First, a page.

Eighty percent of our patients receive their care free of charge as part of our nearly 40-year endeavor that has brought light and color to more than one million people. Over the last year alone, Sankara Eye Institutions screened more than 357,000 patients and helped nearly 141,000 people regain their sight and dignity. Our “Rainbow” pediatric program evaluated more than 270,000 children last year, and helped more than 5,000 of them avoid a sightless future. Overall, our community outreach programs have touched more than 67 million Indians across nine states.
The 20th International AIDS Conference in Melbourne, Australia is the premier gathering for those working in the field of HIV, including scientists, medical practitioners, activists, policymakers, people living with HIV and others committed to ending the epidemic. IBM, a conference sponsor, is committed to applying its talent and technology to advance the fight against HIV/AIDS through philanthropic initiatives such as World Community Grid, which enables individuals to donate their unused computing power to advance cutting-edge scientific research on health, poverty and sustainability.
In the article below, Scripps Research Institute researcher Dr. Arthur Olson shares an update on how World Community Grid is helping his team develop therapies – and a potential cure – for AIDS.
The Scripps Research Institute’s FightAIDS@Home initiative is a large-scale computational research project whose goal is to use our knowledge of the molecular biology of the AIDS virus HIV to help defeat the AIDS epidemic. We rely on IBM’s World Community Grid to provide massive computational power donated by people around the world to speed our research. The “virtual supercomputer” of World Community Grid enables us to model the known atomic structures of HIV molecules to help us design new drugs that could disrupt the function of these molecules. World Community Grid is an essential tool in our quest to understand and subvert the HIV virus’s ability to infect, spread and develop resistance to drug therapies.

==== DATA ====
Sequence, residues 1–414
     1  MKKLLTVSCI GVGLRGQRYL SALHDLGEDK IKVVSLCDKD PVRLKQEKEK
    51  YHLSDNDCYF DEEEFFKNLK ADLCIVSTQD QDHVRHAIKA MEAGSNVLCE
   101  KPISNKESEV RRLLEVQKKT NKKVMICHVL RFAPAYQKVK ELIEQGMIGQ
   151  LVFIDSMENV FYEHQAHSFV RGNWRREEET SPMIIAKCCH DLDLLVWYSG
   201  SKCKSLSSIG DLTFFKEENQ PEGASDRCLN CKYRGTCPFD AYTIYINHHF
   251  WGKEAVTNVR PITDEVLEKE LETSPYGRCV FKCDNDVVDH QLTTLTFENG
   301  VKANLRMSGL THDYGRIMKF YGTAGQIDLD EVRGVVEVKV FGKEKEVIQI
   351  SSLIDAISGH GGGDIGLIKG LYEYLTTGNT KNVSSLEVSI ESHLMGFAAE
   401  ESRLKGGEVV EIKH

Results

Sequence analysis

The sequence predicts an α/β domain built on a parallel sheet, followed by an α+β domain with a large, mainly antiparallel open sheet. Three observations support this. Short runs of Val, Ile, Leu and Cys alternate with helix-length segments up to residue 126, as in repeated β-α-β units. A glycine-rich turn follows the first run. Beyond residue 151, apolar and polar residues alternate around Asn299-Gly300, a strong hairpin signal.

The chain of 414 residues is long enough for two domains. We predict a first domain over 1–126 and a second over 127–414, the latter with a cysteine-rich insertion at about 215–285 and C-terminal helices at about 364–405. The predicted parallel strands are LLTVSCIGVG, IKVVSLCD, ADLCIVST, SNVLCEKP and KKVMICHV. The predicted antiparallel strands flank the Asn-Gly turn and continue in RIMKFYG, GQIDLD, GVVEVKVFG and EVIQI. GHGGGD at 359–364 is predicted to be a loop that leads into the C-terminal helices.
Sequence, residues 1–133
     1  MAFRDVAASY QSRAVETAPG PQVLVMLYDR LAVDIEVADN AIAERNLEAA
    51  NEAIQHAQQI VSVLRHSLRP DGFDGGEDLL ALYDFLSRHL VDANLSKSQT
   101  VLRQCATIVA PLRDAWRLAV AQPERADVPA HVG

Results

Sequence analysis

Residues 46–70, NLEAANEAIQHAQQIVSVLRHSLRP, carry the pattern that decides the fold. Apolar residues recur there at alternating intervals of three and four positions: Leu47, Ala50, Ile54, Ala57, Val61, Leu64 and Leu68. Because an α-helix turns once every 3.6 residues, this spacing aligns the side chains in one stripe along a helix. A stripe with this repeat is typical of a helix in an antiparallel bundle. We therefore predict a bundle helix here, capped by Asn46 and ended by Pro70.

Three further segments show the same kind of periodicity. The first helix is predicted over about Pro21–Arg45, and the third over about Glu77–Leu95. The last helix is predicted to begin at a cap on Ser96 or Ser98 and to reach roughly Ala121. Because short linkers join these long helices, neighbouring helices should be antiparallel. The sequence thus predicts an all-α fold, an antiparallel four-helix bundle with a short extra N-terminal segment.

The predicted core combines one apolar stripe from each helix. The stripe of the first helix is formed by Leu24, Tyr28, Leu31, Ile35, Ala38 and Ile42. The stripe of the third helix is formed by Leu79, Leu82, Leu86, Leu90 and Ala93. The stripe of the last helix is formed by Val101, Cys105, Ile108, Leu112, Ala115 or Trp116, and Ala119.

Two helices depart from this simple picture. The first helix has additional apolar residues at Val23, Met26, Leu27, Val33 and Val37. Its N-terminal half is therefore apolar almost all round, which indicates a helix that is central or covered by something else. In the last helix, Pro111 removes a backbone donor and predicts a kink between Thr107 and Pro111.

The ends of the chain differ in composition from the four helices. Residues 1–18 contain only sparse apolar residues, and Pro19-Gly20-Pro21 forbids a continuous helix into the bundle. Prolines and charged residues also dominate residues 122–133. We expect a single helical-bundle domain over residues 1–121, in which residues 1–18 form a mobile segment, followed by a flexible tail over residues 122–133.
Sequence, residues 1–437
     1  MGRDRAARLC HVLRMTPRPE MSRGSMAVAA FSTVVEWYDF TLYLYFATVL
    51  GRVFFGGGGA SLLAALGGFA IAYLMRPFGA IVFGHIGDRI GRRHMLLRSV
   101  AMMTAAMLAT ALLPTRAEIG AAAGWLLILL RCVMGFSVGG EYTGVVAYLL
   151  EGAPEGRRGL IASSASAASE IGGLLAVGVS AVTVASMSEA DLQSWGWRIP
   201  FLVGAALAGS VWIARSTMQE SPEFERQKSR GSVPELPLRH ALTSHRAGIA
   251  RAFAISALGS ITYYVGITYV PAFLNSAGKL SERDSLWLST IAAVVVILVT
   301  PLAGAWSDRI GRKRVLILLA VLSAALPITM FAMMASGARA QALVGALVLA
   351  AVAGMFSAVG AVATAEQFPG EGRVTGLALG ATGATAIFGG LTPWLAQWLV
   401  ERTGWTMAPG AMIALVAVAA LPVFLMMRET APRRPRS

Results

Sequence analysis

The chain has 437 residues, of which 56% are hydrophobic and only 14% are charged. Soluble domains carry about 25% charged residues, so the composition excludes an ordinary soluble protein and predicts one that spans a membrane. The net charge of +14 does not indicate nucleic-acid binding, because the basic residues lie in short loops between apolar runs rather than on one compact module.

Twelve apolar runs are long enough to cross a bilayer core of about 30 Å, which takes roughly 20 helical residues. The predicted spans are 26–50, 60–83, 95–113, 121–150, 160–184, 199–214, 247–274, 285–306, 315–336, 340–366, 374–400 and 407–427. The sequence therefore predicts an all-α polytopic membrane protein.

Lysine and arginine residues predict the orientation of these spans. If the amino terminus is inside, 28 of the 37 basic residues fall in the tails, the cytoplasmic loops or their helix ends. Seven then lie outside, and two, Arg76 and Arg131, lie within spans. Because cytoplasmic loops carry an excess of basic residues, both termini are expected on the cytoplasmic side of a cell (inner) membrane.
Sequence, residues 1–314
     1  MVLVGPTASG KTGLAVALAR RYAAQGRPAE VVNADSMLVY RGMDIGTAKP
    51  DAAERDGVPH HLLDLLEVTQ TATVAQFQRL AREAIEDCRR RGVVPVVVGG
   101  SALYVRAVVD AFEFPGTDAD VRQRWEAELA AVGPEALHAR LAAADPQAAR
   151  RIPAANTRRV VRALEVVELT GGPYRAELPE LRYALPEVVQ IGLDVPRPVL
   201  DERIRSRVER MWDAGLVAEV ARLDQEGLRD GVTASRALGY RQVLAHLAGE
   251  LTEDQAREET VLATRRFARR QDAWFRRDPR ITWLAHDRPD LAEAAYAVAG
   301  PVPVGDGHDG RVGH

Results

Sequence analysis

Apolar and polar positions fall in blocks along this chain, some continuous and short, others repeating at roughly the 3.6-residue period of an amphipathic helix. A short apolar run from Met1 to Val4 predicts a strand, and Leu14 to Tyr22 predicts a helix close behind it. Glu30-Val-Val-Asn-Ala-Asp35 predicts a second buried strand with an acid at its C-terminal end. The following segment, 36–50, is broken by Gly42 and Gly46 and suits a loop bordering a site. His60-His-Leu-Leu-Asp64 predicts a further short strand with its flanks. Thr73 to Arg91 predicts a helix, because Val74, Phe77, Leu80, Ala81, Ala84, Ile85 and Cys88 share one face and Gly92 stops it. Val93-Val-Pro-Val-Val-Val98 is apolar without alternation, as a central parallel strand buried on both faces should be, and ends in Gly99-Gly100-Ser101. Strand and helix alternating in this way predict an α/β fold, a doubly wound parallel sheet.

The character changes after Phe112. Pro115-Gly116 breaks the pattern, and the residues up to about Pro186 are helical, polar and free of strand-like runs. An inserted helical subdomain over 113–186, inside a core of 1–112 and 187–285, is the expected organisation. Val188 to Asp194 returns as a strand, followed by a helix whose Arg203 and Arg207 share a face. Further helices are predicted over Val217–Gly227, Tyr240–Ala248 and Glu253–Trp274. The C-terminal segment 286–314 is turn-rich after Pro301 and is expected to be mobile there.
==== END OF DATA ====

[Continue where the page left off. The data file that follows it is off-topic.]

Since the early 1980s – when AIDS was first recognized as a new epidemic and a serious threat to human health – our ability to combat the HIV virus has evolved. Using what we call “structure-based drug discovery,” researchers have been able to use information about HIV’s molecular component to design drugs to defeat it. Critical to this process has been our ability to develop and deploy advanced computational models to help us predict how certain chemical compounds could affect the HIV virus. The development of our AutoDock modelling application – combined with the computational power of World Community Grid – represents a significant breakthrough in our ability to fight HIV.
How can a fast growing NGO increase its employees’ project management skills while simultaneously initiating two IT projects? IBM in Switzerland provided the answer via an Impact Grant for Project Management.
Our organization – Tischlein deck dich – is an apolitical and non-denominational NGO that feeds the hungry with reclaimed food. Industry, major distributors, farmers and retail donate their excess food, and we distribute it nationwide to people affected by poverty. In 2013 alone, we collected and distributed more than 2.5 million kilograms of food (worth more than USD$12.5 million) to more than 13,000 people each week.